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Monday, May 02, 2005

The Limitations of Point of View

I talked yesterday about character point of view (POV) and how the reader can't know anything that your POV character doesn't see, hear, sense, etc. There are limitations to POV purism, but it's something I think we, as writers have to live with whether we like it or not.

One of the hits I took in a review on Ravyn's Flight was that the bad guy was a "feral rogue." This is a criticism that really bugged me because there was absolutely nothing I could do to show this villain in any other light because of POV and its limitations.

I have four POV characters in this book--Ravyn, Damon, Stacey and Alex. This villain killed all of Ravyn's teammates, then all of Damon's teammates. Trust me when I tell you that neither Ravyn nor Damon is looking for the murderer's good side. In their POV, this character is a "feral rogue," and that's all the reader gets to see as well.

The same thing happens when Stacey and Alex finally arrive on Jarved Nine as part of the rescue team. When they find the bodies of 25 people--they're thinking evil. They're not thinking, well, surely he can't be all bad--maybe this killer saves injured animals. This isn't in character at all. Who in their right mind would be looking for a mass murderer's good side? They wouldn't be, not when it's their friends that are killed, not when they're looking for two missing people and fearing they might be dead as well. It's out of character to have any of these four people thinking anything nice about the killer.

The only way I could have gotten around this was to do scenes in the bad guy's POV. Since he obviously has reasons for what he's done, he wouldn't see himself as a "feral rogue." However, I made the decision early in the book that I wasn't going to write any scenes from the villain's perspective. I thought it kept the tension and suspense higher not to know who--or what--was doing the killing. Going into his head would have sacrificed some of this.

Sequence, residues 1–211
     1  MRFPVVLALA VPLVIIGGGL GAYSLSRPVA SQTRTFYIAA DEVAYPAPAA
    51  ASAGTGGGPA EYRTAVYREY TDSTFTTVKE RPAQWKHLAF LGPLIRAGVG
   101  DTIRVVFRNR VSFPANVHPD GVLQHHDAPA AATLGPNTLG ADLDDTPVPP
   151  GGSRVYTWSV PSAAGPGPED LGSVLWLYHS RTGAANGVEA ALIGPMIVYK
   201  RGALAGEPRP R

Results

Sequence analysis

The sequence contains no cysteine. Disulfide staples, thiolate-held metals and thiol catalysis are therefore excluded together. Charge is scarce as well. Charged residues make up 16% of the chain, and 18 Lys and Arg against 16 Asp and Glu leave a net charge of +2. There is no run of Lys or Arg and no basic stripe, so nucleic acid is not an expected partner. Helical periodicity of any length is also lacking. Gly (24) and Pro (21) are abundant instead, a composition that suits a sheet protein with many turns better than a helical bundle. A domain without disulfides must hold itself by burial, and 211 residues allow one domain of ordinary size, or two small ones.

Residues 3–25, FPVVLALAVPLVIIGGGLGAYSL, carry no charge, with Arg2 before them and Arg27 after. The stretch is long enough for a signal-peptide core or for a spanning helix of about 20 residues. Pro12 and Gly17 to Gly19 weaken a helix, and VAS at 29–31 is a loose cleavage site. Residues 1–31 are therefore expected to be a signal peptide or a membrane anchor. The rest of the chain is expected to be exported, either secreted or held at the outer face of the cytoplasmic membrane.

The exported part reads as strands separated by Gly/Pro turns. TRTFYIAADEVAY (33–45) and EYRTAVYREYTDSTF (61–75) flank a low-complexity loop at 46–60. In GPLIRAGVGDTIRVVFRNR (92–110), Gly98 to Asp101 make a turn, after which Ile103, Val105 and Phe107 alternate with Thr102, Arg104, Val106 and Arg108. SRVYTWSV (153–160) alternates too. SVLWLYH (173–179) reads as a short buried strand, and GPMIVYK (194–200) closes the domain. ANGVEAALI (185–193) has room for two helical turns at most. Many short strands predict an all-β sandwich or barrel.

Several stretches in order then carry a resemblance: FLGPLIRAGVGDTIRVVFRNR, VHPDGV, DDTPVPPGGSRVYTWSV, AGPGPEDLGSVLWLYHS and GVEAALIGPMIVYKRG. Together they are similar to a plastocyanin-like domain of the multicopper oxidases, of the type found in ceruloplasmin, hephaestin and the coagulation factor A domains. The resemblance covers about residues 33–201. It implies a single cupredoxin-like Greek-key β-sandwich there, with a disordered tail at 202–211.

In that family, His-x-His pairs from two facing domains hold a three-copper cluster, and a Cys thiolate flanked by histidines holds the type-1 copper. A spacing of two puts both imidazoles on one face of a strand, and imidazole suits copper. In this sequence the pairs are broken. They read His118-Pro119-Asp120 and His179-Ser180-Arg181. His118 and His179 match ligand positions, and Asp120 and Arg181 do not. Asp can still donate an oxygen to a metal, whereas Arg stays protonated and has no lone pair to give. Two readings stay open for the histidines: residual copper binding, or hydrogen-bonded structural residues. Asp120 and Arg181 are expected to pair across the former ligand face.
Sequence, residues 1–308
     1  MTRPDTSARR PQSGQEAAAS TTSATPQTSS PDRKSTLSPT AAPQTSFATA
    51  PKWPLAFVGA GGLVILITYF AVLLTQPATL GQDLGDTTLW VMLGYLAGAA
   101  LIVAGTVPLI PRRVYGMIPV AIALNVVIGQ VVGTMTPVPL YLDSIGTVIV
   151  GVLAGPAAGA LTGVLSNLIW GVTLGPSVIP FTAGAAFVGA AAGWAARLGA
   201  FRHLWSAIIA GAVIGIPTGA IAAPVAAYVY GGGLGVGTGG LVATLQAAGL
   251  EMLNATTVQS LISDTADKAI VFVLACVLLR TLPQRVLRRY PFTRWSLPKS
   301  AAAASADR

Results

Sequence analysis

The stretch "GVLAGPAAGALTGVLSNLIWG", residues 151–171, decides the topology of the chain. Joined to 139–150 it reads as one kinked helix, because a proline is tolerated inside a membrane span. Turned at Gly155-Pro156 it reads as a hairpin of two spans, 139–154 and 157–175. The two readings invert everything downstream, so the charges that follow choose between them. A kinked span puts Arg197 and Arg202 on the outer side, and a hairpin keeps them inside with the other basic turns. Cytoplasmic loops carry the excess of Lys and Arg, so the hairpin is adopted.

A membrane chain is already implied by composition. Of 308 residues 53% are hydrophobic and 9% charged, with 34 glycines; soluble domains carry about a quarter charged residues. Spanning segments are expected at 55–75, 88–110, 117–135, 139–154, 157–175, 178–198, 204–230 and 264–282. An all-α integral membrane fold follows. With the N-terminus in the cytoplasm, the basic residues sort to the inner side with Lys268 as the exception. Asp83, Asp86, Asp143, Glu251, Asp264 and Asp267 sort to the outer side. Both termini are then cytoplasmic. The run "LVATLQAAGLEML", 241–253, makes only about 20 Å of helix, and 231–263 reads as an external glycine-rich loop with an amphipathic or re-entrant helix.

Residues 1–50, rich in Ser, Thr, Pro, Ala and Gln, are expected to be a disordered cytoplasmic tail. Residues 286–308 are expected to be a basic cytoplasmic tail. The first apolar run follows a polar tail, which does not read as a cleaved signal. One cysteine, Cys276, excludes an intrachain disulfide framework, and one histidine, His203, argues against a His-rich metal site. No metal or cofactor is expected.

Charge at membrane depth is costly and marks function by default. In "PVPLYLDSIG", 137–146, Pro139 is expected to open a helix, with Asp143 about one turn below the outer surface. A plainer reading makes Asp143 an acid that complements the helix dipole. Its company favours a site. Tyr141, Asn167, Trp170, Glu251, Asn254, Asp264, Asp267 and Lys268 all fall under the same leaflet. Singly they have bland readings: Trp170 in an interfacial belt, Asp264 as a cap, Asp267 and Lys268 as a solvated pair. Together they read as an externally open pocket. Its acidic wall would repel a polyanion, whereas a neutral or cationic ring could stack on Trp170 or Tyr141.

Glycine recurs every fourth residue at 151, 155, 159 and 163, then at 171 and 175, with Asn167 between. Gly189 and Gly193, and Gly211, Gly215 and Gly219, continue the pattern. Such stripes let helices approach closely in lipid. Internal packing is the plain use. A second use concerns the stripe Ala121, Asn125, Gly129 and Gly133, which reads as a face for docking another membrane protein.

The limitations of staying true to Point of View gave me a different issue in The Power of Two. They had to do with Cai's appearance. In Cai's mind, she's plain, homely (and yes she uses that word.) Her perspective is skewed by all the ridicule she took growing up. Cai is very smart and was placed in classes with high school kids when she was 7 years old. Her intelligence wrecked the grade curve for these older kids and they didn't like it. They couldn't make fun of her brain, so they struck where she was vulnerable--her appearance. I didn't touch on even a fraction of the emotional pain inflicted on Cai as a small child by these older students, but it was a lot. Considering all she went through, it's a miracle she was able to trust Jake.

That leads to my other limitation--Jake's POV. Jake, that sweetie, thinks Cai is gorgeous. He looks at her and sees this exotic beauty. So when I'm in his head, the reader is getting how awed he is by her looks, how turned on he is by her. This has had people thinking Cai really is this stunning, but simply doesn't realize it. That's not quite true. Cai is prettier than she believes, but she's not as beautiful as Jake thinks she is. I'm only in two heads in this story--Jake and Cai's--it was damn difficult to show the truth about Cai's appearance, although I did try.